Board representatives, staff, volunteers and community members gathered at Mt. Hood Winery in Pine Grove on May 17 for The Next Door, Inc.’s annual Stories of Hope.
The event focuses on three of The Next Door’s 25 programs. This year, Big Brothers Big Sisters, Oregon Trail Transitional House and Youth Connection were featured, with guest speakers describing how they became involved in each of the programs and how their lives have changed — for the better — because of it.
“This is one of my favorite events of the year,” said Executive Director Janet Hamada. “It inspires me. It’s called ‘Stories of Hope’ for a reason.”
Emcee was Jackie Joyner, director of development, who came on board about six weeks ago.
The first presentation was by Big Brothers Big Sisters team Paul and Carl, who were matched when Paul was 13. Paul grew up in a family without a father, and his mother enrolled him in the program to give him a male role model.
“No matter how old I get, he’ll always be my big brother,” said Paul, 26, describing how, even though he aged out of the program at age 18, he and Carl have remained close. “… He taught me how to have an open mind, and we had conversations all the time.
“I was the first person in my family to graduate from high school, and having Carl there at graduation was a nice moment,” Paul continued. “Carl was there at all my sports events. He benefited me in my life as a good, steady role model. I want to thank Big Brothers Big Sisters for giving me the opportunity to have Carl in my life.”
Carl said he started volunteering in the early 1980s as a way to give back to the community.
“Paul didn’t say much the first time we met,” he said, “but his reluctance was short lived. We have awesome conversations … Graduation was a proud moment because I knew what it meant to him.”
The two continue to have regular contact, he said.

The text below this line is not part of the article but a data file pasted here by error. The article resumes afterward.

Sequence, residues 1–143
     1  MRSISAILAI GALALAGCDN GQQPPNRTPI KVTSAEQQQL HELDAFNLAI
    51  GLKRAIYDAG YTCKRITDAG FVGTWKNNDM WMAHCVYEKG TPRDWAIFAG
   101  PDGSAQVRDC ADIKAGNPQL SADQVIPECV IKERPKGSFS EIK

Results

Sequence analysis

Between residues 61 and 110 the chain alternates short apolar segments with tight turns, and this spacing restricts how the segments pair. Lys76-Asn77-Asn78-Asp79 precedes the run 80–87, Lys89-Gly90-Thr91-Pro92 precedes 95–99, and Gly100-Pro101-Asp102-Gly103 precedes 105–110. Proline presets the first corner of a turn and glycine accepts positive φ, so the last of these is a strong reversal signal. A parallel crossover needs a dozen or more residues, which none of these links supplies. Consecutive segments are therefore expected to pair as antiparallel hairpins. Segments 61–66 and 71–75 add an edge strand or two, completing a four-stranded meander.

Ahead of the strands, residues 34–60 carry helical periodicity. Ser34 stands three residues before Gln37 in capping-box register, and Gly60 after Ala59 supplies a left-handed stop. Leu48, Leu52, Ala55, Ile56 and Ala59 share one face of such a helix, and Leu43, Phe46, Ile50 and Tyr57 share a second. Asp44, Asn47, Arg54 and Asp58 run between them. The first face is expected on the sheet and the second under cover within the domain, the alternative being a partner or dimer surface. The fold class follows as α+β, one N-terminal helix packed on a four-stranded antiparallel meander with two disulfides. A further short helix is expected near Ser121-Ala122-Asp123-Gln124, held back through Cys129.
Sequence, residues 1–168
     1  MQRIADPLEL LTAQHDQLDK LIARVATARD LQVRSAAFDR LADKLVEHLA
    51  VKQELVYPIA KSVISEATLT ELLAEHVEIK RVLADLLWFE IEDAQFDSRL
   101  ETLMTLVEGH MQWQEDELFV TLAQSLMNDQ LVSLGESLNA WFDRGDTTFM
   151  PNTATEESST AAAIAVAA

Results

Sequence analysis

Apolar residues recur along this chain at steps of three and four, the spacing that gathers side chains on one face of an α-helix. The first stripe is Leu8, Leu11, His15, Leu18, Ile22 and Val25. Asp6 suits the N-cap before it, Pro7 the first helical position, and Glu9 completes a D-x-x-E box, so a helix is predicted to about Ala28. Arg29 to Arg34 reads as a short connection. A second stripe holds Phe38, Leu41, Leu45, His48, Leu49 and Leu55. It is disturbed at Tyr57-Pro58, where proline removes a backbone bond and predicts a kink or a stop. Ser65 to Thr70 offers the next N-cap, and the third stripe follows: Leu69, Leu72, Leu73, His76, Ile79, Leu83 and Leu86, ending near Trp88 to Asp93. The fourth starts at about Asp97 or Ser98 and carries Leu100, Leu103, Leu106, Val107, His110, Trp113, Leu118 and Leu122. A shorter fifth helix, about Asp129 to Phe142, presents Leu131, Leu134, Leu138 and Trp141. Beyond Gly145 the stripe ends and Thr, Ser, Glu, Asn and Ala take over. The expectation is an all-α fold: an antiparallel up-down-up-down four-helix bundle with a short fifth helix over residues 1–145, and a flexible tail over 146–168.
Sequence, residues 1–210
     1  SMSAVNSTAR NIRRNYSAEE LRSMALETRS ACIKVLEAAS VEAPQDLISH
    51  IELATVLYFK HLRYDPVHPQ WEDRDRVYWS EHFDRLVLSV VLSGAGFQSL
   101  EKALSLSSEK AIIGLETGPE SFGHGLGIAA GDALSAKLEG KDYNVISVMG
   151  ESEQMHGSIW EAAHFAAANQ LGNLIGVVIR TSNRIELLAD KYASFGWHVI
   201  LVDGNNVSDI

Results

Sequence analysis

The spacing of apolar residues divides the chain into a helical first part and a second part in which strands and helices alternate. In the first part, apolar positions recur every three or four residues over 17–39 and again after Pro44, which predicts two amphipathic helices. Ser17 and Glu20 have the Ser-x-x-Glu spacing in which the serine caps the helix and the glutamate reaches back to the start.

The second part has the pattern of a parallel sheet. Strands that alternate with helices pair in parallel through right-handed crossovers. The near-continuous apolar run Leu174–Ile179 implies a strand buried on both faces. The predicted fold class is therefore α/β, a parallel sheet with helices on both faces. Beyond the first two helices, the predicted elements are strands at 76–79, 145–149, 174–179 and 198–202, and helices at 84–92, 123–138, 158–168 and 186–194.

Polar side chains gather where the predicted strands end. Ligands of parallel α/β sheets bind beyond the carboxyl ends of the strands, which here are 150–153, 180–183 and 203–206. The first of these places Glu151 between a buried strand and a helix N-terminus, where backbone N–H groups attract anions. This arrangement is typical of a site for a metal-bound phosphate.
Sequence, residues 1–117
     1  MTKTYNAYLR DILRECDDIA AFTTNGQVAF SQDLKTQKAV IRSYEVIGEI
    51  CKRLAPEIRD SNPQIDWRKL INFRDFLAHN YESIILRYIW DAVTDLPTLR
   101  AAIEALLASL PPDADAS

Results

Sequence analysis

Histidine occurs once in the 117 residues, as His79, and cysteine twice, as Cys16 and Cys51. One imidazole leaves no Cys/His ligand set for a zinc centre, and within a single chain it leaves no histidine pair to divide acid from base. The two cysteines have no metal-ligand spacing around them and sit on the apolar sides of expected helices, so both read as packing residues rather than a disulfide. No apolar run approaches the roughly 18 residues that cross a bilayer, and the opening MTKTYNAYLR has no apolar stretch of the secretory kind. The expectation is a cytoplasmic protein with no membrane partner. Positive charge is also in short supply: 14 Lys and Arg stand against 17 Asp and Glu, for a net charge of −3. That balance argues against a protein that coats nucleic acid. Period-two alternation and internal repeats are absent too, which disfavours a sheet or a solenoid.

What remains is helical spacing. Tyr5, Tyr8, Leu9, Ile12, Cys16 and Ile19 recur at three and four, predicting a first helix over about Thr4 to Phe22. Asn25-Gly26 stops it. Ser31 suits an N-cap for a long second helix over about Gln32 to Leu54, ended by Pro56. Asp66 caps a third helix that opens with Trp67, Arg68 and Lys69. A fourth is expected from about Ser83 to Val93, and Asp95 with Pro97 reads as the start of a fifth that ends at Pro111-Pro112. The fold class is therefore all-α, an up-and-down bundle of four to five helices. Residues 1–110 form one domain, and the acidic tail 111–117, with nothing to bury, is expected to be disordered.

“Paul needed someone in his life, and I’m grateful to be his match,” he said. “No matter how old he gets, he’ll always be my little brother.”
Elizur Bello, director of programs and community health worker, read a story prepared by a young man who lives in Oregon Trail Transitional Housing, a transitional home for youth ages 17-22.
“I feel privileged to use my voice to convey (his) story,” said Bello before reading the student’s narrative of becoming the family’s caretaker after his father left home, how he would play middle school sports but could only attend home games due to lack of transportation, and how he never felt a connection to any of his foster families no matter how well they treated him.
Now a senior, the student is on track to graduate and has high hopes for his future.
“I have a strong support system,” he said. “I should be another statistic, but I’m not. I’m thankful for Next Door, Inc.”
Another student spoke about her involvement with Youth Connections and how she’s waited all her life to feel proud — and that she’s thankful for the role that her mentor Lucy has played in her life.
“Lucy with Youth Connections reached out to talk,” she said, “and was worried about me. She was there to listen, not to be a therapist or counselor, and I would look forward to our visits …
“I really like the person I am now,” she concluded.
Dillon Borton, branch manager at Key Bank, Hood River, ended the evening’s stories with one of his own: How he and Key Bank have become a financial backer of the non-profit.
“It’s a good organization that does nothing but good,” Borton said. “But without you, it won’t continue …
“Thank you, Janet and the entire team, for the work that you do day in and day out. Thank you. We love you and we not only thank you — we support you.”
Donations to the Next Door can be sent monthly or as a one-time gift; all donations are tax deductible. For more information, visit the office at 965 Tucker Road, or call the Hood River office at 541-386-6665.
For information on the Next Door’s 25 programs, visit nextdoorinc.org.